The current legislative session in Olympia features a bill (SB5378/HB1325) concerning autonomous delivery vehicles (robots), designed to bring goods (including to-go food orders) to your door. They are also referred to as Personal Delivery Devices (or PDDs). Amazon is currently testing this technology in Snohomish County. This bill would allow these vehicles to operate on the sidewalk unless regulated locally. With more and more new motorized and wheeled devices competing for sidewalk space, is there a point where we should draw the line?
Feet First has several concerns about this bill and urges you to contact your Legislators (see the end of this post).
At Feet First, we believe sidewalks are for people. They are the only part of the streetscape dedicated to pedestrians (including folks in wheelchairs, walking with any sort of assistive device like a cane or walker, pushing a stroller, etc.) We already face many obstacles on sidewalks around the state, including dangerous conditions due to lack of maintenance, illegally parked vehicles, and more. The bar should be set high in terms of adding anything else to our pedestrian space.
- Because of our relatively narrow sidewalks in many areas, PDDs could take up more than half of the width of some sidewalks, not leaving room for anyone with a walking aid or in a wheelchair.
- In this same situation, it is unclear how the vehicle would respond to a pedestrian attempting to get around it in a confined space like a narrow sidewalk. Would a remote-location human operator be available quickly enough to avert a potentially hazardous situation? Who would be expected to give way in such a situation? Would the PDD be able to reverse and get out of the way of the pedestrian?
- We know that many older citizens, and those with mobility limitations, have concerns about balance. Anything that is unexpected or comes up quickly can lead to a loss of balance, and a potentially very dangerous fall.
- As proposed, these vehicles would be allowed to go up to 10 miles per hour! The average person walks at no more than 3 miles per hour. This speed is simply too fast, particularly in denser walking environments. We would suggest a maximum speed limit of no more than 5 miles per hour.
- We believe that PDDs must be defined as vehicles because that is what they are a means of carrying or transporting something.
- The bill allows PDDs to use sidewalks unless municipalities ban them or to limit their speed. This should not be an opt-out situation – municipalities should need to opt into allow PDDs, and community members should have a chance to voice their concerns at the local level.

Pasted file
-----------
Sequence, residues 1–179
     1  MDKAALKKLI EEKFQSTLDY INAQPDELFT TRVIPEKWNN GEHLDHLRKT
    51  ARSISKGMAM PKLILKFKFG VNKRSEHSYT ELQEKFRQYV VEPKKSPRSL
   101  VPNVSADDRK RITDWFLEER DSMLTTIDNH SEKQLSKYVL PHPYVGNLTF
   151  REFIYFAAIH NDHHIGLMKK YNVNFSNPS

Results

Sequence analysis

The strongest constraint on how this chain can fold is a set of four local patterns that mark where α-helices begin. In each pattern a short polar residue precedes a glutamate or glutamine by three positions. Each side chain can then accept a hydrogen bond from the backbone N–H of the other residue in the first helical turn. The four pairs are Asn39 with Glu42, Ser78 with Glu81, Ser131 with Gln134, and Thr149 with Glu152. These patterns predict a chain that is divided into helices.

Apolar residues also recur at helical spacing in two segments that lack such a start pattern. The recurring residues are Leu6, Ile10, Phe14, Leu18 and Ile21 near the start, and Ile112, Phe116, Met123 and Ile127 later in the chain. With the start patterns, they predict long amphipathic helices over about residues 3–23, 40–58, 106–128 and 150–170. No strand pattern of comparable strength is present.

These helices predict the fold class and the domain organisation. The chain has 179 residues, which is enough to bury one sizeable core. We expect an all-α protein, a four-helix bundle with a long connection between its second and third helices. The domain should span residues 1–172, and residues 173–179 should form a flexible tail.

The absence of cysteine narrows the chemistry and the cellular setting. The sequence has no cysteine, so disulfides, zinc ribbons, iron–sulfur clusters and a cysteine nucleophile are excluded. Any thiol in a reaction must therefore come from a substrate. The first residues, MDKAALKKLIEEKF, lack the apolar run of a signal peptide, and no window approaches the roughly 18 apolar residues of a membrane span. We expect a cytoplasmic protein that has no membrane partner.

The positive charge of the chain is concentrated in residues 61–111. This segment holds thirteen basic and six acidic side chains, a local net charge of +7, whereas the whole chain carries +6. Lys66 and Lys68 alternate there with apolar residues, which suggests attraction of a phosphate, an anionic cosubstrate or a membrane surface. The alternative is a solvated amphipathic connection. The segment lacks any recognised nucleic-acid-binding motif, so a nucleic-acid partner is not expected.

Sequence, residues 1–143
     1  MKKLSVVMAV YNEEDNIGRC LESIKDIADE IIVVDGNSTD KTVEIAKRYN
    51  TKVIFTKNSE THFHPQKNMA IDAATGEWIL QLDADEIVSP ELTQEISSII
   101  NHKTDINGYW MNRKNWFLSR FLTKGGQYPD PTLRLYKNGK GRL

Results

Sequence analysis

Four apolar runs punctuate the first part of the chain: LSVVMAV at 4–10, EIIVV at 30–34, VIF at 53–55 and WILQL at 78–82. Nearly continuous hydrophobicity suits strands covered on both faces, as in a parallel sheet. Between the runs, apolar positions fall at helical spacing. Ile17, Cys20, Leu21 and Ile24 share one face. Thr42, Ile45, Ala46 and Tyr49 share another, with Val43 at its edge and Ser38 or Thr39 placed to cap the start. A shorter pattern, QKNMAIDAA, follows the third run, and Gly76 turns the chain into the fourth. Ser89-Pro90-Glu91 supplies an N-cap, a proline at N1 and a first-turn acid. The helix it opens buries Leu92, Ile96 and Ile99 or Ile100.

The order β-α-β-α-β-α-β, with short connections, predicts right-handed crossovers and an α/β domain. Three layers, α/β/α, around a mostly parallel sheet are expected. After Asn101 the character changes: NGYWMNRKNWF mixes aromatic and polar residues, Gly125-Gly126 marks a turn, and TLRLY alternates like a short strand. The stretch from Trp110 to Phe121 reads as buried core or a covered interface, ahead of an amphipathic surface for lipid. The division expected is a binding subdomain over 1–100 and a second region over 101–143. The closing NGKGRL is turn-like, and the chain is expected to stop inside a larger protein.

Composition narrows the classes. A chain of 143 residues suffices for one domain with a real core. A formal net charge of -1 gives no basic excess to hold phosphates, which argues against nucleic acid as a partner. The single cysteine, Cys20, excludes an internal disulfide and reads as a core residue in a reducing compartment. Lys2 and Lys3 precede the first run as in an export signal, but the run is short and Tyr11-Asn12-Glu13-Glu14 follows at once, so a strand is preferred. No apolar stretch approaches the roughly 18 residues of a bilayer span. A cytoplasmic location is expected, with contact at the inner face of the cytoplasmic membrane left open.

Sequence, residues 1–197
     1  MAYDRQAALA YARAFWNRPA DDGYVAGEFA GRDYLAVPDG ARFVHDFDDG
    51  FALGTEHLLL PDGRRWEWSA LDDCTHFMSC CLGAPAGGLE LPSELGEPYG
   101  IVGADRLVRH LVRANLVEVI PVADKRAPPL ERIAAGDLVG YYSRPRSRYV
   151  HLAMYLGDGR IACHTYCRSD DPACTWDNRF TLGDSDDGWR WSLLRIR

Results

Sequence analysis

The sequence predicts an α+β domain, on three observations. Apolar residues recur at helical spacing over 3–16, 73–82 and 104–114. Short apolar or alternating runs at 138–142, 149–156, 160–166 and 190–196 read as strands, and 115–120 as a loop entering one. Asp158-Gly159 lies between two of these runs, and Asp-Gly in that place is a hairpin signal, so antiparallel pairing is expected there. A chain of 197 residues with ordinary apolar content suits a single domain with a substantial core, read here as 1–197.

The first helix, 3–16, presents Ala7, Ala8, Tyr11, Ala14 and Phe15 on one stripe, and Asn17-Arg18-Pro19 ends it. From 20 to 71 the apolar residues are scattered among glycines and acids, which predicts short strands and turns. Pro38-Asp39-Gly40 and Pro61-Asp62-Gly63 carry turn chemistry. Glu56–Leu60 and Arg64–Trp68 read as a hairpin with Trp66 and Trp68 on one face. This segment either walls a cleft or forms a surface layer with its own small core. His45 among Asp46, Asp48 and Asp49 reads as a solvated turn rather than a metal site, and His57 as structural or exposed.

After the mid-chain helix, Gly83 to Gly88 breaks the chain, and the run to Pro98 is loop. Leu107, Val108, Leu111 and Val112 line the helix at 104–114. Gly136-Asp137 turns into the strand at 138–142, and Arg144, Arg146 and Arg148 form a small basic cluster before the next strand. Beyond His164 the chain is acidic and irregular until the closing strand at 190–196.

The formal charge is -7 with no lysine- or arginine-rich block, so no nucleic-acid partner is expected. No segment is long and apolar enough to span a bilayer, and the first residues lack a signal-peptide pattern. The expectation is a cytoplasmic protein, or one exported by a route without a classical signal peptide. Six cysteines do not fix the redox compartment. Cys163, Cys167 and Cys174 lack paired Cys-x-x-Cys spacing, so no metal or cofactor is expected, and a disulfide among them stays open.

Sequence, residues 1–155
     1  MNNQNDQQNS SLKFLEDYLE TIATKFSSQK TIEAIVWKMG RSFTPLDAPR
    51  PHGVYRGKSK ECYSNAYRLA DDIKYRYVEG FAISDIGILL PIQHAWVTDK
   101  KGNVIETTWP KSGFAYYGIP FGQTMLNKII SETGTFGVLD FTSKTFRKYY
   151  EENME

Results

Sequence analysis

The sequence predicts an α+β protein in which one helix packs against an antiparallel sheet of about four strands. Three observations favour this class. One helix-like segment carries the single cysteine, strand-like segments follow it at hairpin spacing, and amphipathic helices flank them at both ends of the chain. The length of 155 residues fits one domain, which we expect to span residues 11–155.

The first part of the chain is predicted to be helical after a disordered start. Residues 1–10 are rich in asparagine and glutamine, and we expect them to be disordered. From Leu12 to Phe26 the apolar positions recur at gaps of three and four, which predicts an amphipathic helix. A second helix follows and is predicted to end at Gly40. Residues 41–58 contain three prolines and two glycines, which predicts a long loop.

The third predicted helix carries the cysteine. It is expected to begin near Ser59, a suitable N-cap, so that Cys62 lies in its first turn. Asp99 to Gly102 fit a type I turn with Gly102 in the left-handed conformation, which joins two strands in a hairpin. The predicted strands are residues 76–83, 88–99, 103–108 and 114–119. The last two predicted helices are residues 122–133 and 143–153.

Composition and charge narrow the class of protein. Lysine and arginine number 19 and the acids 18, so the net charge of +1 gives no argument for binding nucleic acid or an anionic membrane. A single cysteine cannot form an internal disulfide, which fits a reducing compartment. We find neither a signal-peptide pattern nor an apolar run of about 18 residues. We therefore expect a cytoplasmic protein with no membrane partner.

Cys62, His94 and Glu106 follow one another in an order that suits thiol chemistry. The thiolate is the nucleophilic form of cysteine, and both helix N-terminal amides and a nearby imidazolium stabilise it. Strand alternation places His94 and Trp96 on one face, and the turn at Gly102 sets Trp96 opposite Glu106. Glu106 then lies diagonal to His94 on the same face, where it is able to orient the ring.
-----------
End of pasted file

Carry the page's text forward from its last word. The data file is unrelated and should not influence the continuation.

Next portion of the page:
- We believe that, if PDDs are allowed, delivery vehicle companies must be required to carry at least $1million in liability insurance per vehicle. The risks to pedestrians, particularly those most vulnerable to falling down or losing their balance, need to be properly covered.
- We also believe that cities should require that any administrative costs, and any infrastructure costs, related to PDDs, should be charged *to the company that provides the PDDs*, and should not be borne by the citizens of that city. A firm that is using public right of way for profit should be responsible for helping maintain that right of way. Perhaps there should be a per-PDD charge for sidewalk repair and maintenance.
- One interesting twist is that PDDs can gather sidewalk quality data (pavement condition, heaves/cracks, etc.) This data is expensive and time-consuming to gather; Seattle took over a decade to update the citywide dataset. If company(ies) were compelled to provide this data to cities in Washington, that data would be very helpful in allocating unfortunately scarce sidewalk repair and maintenance funds.
- Before passing state legislation for an unknown and untested new idea, we suggest instead that a yearlong testing and data gathering period overseen by the Washington State Traffic Safety Commission, the Pedestrian/Bike Safety Advisory Committee (or Active Transportation Safety Advisory Committee), and WSDOT’s Active Transportation team. Let’s take the time to fully and carefully consider the potential impacts of this technology before creating a permanent entitlement for their use on our increasingly crowded and disrupted sidewalks.
Follow this link to tell your Representatives your concerns with HB 1325.